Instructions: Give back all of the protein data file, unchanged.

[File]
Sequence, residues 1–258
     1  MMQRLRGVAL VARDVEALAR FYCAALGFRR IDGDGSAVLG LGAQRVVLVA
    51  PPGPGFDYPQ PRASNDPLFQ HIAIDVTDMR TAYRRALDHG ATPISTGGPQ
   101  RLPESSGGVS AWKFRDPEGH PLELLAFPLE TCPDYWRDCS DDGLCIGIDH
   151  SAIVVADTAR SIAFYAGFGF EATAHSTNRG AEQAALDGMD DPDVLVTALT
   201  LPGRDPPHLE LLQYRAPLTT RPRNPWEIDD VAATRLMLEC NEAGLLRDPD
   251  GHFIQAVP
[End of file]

Sequence, residues 1–258
     1  MMQRLRGVAL VARDVEALAR FYCAALGFRR IDGDGSAVLG LGAQRVVLVA
    51  PPGPGFDYPQ PRASNDPLFQ HIAIDVTDMR TAYRRALDHG ATPISTGGPQ
   101  RLPESSGGVS AWKFRDPEGH PLELLAFPLE TCPDYWRDCS DDGLCIGIDH
   151  SAIVVADTAR SIAFYAGFGF EATAHSTNRG AEQAALDGMD DPDVLVTALT
   201  LPGRDPPHLE LLQYRAPLTT RPRNPWEIDD VAATRLMLEC NEAGLLRDPD
   251  GHFIQAVP